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Studies in Socialism/The Radical and Private Property

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Democracy, under the impetus given it by organised labour, is evolving irresistibly toward Socialism, toward a form of property which will deliver man from his exploitation by man, and bring to an end the régime of class government. The Radicals flatter themselves that they can put a stop to this movement by promising the working classes some reforms and by proclaiming themselves the guardians of private property. They hope to hold a large part of the proletariat in check by a few reforming laws expressing a sentiment of social solidarity, and by their policy of defending private property to rouse the conservative forces, the petty bourgeoisie, the middle-classes, and the small peasant-proprietors, to oppose Socialism.

In the first place, to subscribe to such formulas as these means a real intellectual falling off for a part of the democracy. How can men as cultivated as M. Léon Bourgeois and M. Camille Pelletan find any sense in the declaration of the Radical party that affirms "the maintenance of private property"? Used in this general and abstract fashion the phrase "private property" has no meaning whatever.

In the course of human evolution private property has many times changed its form and its substance, its meaning and its scope.

In the societies that preceded ours private property embodied itself in forms of oppression which have been definitely abolished once for all. Slavery was one of the forms of private property. In Athens and Rome there were public slaves, slaves of the city or the state; but most of the slaves were simply a part of the patrimony of the citizens. The property in slaves was part of private property. The slaves either cultivated the lands of their Greek or Roman master or they laboured for his profit in the city workshops. Individuals owned them, disposed of them, forced them to labour, gave them away as presents, sold them, or left them to their heirs. And in the same way, when, after the collapse of the ancient society and the Roman régime founded on conquest, slavery was ameliorated and became serfdom, the serfs, too, bound to the land, were objects of certain private property rights. Under the Merovingian and Carlovingian kings there were royal slaves attached to the royal lands, and Church slaves attached to the Church lands, but the immense majority of the serfs belonged to lords who were in the end practically great landed proprietors with a personal property right in their possessions.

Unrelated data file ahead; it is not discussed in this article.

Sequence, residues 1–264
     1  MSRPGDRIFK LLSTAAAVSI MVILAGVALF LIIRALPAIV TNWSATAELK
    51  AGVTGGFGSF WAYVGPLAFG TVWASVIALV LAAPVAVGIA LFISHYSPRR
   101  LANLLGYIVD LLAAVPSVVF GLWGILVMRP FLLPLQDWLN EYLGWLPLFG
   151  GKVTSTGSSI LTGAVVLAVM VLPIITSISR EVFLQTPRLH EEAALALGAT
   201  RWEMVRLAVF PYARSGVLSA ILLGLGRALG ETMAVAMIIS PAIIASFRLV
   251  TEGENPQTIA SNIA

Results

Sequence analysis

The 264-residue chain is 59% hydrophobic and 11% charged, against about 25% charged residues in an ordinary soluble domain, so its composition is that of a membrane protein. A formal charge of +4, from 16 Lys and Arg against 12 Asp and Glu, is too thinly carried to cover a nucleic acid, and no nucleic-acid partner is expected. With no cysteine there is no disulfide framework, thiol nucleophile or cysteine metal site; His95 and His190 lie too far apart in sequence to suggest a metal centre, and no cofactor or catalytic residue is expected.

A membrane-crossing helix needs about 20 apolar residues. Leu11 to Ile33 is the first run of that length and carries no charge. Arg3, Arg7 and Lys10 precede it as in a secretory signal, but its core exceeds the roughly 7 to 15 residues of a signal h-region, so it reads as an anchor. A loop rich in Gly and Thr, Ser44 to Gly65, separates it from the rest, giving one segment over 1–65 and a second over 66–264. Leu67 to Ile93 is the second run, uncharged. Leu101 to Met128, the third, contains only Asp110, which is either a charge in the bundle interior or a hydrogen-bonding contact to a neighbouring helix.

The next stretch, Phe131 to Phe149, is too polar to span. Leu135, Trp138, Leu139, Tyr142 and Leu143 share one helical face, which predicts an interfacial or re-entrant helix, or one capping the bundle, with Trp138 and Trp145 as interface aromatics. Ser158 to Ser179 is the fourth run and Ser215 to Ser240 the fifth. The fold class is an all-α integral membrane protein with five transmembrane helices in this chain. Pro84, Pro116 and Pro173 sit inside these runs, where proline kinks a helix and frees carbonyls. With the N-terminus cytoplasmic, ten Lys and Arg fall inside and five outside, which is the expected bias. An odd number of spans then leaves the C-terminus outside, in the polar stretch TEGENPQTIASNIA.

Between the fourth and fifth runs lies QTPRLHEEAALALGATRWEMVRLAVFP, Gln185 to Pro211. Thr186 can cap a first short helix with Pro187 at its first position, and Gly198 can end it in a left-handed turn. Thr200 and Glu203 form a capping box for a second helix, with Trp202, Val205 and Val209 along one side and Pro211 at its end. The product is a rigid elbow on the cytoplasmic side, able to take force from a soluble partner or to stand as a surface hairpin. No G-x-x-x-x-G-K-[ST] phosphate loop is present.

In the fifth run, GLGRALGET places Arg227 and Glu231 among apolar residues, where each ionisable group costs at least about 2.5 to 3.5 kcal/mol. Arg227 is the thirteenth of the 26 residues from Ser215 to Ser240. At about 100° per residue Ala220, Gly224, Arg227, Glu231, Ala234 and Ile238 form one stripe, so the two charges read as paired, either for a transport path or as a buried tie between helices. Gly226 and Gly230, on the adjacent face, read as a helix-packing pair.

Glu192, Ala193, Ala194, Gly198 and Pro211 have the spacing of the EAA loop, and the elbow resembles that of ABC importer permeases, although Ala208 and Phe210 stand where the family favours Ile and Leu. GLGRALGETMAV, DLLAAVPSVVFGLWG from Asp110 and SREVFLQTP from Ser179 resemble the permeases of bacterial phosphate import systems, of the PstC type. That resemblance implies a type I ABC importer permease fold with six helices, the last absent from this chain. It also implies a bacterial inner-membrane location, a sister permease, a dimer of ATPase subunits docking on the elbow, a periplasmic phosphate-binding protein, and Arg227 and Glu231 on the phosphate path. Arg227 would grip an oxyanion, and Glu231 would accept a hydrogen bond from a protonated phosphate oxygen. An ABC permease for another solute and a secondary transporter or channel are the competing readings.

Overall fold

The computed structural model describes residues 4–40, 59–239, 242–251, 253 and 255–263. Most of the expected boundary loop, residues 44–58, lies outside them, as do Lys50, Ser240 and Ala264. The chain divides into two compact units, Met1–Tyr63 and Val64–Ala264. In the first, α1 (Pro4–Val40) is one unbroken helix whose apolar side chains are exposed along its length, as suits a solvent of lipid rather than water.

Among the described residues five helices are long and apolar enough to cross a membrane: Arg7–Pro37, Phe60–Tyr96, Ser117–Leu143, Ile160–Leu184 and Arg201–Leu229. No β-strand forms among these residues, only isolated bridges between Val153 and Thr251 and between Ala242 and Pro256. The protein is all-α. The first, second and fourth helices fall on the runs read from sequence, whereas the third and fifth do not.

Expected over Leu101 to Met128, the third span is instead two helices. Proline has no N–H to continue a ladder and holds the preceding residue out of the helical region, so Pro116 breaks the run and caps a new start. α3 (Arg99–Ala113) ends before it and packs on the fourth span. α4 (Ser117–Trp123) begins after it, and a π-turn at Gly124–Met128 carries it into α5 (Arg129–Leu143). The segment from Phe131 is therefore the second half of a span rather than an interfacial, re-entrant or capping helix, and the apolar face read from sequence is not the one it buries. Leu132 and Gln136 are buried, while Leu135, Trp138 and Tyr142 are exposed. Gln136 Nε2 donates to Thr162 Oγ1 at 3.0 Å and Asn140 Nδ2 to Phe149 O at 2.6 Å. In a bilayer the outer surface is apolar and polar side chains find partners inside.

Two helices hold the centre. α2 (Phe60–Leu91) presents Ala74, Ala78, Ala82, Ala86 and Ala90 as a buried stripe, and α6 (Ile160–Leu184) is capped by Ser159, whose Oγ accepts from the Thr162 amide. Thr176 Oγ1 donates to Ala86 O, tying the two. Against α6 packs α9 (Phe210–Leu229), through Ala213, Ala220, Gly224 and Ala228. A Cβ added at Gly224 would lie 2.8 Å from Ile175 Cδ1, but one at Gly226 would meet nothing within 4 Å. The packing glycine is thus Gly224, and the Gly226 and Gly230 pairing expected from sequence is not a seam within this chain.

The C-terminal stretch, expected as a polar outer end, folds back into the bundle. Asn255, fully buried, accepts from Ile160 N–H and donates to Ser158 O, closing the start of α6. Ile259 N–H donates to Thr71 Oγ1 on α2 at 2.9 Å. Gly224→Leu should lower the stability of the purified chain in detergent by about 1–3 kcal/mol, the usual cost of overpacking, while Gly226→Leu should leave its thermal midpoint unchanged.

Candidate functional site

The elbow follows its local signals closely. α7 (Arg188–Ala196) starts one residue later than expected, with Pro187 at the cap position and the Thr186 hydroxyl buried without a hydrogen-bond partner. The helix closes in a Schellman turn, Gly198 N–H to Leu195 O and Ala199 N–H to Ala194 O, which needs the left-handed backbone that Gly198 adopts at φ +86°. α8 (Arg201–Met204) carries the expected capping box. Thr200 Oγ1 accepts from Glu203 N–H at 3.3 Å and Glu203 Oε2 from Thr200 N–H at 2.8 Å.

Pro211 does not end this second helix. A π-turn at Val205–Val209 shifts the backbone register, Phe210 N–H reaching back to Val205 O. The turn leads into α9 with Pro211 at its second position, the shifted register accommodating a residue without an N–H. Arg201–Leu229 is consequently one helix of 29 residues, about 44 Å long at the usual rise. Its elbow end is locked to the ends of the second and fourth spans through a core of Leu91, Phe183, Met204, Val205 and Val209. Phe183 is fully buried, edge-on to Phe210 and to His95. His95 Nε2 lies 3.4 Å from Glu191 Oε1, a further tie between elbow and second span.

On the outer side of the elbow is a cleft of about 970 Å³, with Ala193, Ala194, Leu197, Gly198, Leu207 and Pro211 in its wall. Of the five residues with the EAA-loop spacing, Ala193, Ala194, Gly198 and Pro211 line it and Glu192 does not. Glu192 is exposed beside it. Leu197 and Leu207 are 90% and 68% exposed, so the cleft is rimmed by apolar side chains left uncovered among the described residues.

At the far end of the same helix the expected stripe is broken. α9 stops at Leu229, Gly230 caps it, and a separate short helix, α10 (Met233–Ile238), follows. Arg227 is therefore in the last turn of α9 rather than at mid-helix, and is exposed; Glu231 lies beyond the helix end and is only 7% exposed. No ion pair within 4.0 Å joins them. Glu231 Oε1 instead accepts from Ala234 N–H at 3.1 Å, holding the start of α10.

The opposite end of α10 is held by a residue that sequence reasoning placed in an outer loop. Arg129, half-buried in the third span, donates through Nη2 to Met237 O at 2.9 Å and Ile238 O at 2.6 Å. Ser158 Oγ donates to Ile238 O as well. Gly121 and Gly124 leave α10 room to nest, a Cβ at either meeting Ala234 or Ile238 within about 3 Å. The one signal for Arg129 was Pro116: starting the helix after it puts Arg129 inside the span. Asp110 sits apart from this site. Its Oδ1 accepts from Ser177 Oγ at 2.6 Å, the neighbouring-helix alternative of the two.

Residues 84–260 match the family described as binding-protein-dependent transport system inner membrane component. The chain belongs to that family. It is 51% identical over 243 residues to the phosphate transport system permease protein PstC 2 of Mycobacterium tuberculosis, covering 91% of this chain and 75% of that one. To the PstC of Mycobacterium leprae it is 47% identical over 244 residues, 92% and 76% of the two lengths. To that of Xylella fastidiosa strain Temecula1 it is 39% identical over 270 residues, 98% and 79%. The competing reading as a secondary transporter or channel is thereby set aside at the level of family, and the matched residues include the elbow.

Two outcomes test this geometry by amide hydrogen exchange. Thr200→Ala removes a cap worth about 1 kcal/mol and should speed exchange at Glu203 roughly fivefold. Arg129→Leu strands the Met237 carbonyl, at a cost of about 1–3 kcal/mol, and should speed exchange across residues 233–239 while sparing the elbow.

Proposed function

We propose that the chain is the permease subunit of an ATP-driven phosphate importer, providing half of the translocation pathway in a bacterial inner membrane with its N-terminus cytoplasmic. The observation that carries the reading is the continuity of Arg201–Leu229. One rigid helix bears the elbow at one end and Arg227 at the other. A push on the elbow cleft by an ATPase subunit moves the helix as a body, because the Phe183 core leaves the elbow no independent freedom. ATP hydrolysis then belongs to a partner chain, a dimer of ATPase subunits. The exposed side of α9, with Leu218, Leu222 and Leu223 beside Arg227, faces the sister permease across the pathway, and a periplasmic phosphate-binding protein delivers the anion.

During the Middle Ages, from the tenth to the fourteenth century, serfdom was really established as one of the forms of what we call to-day private property. It was the lord who disposed of the labour of the serf. Agricultural serfs, thinly scattered over the great rural domains, and industrial serfs, bakers, smiths, goldsmiths, spinners, and weavers, gathered together in the outbuildings of the seignorial mansion, all these were under the domination of an individual; they were included in his property and sold by him with the estate. They were, like the land itself, like the fields, the vineyards, the cattle, one of the objects upon which the right of private property was exercised.


I understand, of course, that slavery and serfdom have been eliminated from private property. But can the Radicals be certain that every element of servitude, oppression, and injustice has also disappeared? And what right have they to use the phrase "private property" in a general and abstract fashion when the elemental meaning of the words varies with the very advance of history? Formulas like these are the negation of historic evolution. They condemn the party who adopts them to see nothing and to understand nothing. They put it outside the pale of science and of vital action.

Just as in ancient times private property admitted slavery and as in the Middle Ages it was compatible with serfdom, so to-day it allows the wages system. I am far from wishing to divert myself with the melancholy reactionary paradox of those Socialists who say that the slave and the serf were happier than the wage earner. The moral and material position of the modern workman is as a whole superior to that of the slave or the serf. We are not talking about that. I simply maintain that to-day private property is embodied in the capitalist form which permits a minority of privileged individuals to dispose of the work, the strength, and the health of the working classes, and to levy on them a perpetual tribute. And I maintain that when the Radicals declare in a summary fashion that they wish to uphold private property, either the declaration has no meaning at all, or it means that they want to uphold capitalistic property.